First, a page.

U.S. and European counterterrorism officials say a rising number of Western recruits -- including Americans -- are traveling to Afghanistan and Pakistan to attend paramilitary training camps. The flow of recruits has continued unabated, officials said, in spite of an intensified campaign over the past year by the CIA to eliminate al-Qaeda and Taliban commanders in drone missile attacks.
Since January, at least 30 recruits from Germany have traveled to Pakistan for training, according to German security sources. About 10 people -- not necessarily the same individuals -- have returned to Germany this year, fueling concerns that fresh plots are in the works against European targets.
...European security officials have warned for many years of the threat posed by homegrown radicals who have gone to Afghanistan and Pakistan to wage jihad. Officials in some countries, such as Britain, said they have successfully cracked down on the number of would-be fighters going to South Asia. But others, such as Germany, are seeing a significant increase and struggling to contain it.Meanwhile, the New York Times has an interesting piece about the Taliban's fundraising techniques:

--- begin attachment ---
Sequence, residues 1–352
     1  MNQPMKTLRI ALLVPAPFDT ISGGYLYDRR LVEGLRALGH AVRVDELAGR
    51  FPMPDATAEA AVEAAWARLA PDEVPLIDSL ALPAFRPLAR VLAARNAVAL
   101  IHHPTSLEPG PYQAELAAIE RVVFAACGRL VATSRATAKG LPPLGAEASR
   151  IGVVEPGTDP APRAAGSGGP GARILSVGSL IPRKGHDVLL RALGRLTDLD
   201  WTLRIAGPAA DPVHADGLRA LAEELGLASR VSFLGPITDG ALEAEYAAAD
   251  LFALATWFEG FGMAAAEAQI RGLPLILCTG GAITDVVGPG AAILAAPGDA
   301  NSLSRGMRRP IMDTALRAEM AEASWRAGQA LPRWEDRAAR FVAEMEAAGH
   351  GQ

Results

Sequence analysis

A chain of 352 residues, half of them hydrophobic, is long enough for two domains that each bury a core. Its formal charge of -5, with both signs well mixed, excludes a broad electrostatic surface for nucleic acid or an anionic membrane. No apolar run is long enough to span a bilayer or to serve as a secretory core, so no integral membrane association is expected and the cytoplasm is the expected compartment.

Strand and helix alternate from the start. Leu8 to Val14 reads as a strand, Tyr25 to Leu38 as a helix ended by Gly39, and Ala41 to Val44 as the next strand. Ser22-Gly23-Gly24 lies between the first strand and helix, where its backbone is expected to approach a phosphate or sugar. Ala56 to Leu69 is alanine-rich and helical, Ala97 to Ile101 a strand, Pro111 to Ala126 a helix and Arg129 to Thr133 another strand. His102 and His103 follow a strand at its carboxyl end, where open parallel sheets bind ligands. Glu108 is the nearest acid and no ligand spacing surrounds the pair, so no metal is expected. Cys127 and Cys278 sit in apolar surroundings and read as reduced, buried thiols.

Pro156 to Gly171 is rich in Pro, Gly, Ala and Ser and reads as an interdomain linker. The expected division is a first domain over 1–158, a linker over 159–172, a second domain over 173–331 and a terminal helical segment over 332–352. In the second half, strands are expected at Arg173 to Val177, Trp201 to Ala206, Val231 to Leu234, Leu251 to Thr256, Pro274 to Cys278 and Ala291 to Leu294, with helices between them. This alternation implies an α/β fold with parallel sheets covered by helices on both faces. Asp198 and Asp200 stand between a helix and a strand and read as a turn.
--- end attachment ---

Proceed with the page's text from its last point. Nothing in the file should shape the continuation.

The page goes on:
The Taliban in Afghanistan are running a sophisticated financial network to pay for their insurgent operations, raising hundreds of millions of dollars from the illicit drug trade, kidnappings, extortion and foreign donations that American officials say they are struggling to cut off.
In Afghanistan, the Taliban have imposed an elaborate system to tax the cultivation, processing and shipment of opium, as well as other crops like wheat grown in the territory they control, American and Afghan officials say. In the Middle East, Taliban leaders have sent fund-raisers to Arab countries to keep the insurgency’s coffers brimming with cash.
Estimates of the Taliban’s annual revenue vary widely. Proceeds from the illicit drug trade alone range from $70 million to $400 million a year, according to Pentagon and United Nations officials. By diversifying their revenue stream beyond opium, the Taliban are frustrating American and NATO efforts to weaken the insurgency by cutting off its economic lifelines, the officials say.